Initially, country megastar Merle Haggard agreed to produce Parsons's first solo album but backed out at the last minute. According to Meyer's Twenty Thousand Roads, Warner Bros. arranged a meeting at Haggard's Bakersfield home and the two musicians seemed to hit it off but later, on the afternoon the first session, Haggard canceled. Parsons, an enormous Haggard fan, was crushed, with his wife Gretchen telling Meyer, "Merle not producing Gram was probably one of the greatest disappointments in Gram's life. Merle was very nice, very sweet, but he had his own enemies and his own demons." Parsons did manage to hire Haggard's engineer Hugh Davies for his upcoming album, as well as the core of Elvis Presley's band: James Burton (who had also played on Haggard's records) on guitar, Glen D. Hardin on piano and organ, and Ronnie Tutt on drums. Parson's biggest coup, however, was discovering Emmylou Harris, an unknown singer from Washington, D.C., who was recommended to Parsons by Chris Hillman. In the BBC documentary Beyond Nashville Harris recalls, "I would say until I had met Gram and started working with him I didn't really understand or have a real love or feel for country music. Like most of my generation, you know, country music was politically incorrect for us at that point. It was associated with Republicans and Right Wing and that sort of thing. He taught me the beauty and the poetry, the simplicity, the honesty in the music. And the love of harmony came from really singing with him."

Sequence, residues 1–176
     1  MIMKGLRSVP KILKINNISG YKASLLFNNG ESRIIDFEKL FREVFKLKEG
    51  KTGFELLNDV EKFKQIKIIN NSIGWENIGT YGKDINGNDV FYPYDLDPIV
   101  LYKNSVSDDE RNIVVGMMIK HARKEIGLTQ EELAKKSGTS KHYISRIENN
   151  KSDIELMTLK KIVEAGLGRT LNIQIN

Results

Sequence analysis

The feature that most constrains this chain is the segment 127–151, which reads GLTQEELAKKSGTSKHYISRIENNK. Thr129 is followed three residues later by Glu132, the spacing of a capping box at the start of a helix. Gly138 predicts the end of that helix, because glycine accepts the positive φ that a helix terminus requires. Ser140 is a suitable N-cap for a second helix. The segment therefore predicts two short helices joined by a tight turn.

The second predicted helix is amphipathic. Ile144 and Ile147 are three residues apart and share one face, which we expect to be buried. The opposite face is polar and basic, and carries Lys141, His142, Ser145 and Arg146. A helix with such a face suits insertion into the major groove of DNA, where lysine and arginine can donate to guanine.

The sessions for GP ran from September through October 1972 and were produced by former Blind Faith bassist Ric Grech. Parsons was beside himself with excitement at being surrounded by such stellar musicians but also severely intimidated by their presence; in a February 2013 cover story for Uncut, David Cavanagh recalls the singer's reticence: "Rehearsals for GP descended into drug binges. The songs were coming together - "Still Feeling Blue" (a Parsons original), "Kiss The Children" (by Grech), "Streets of Baltimore" (a 1966 composition by Tompall Glaser and Harlan Howard) - but Gram was falling apart at the seams. He was in the grip of alcoholism. He gorged on cocaine. He was bloated and sweaty; friends in L.A. estimated he'd put on three stone since his Burrito days. (Singer and rhythm guitarist Barry) Tashian remembers him being 'nervously excited' about the album, but strangely paralysed by inaction." In the 2004 documentary Gram Parsons: Fallen Angel, Harris admits, "Gram was drinking a lot during that recording, and so there were times when he was together and times when he wasn't. I hadn't done that much recording in my life but I thought, 'If this is the way people make records, I just don't get this.'" Realising he could be blowing his big chance, Parsons cut back on his drinking and finished the sessions.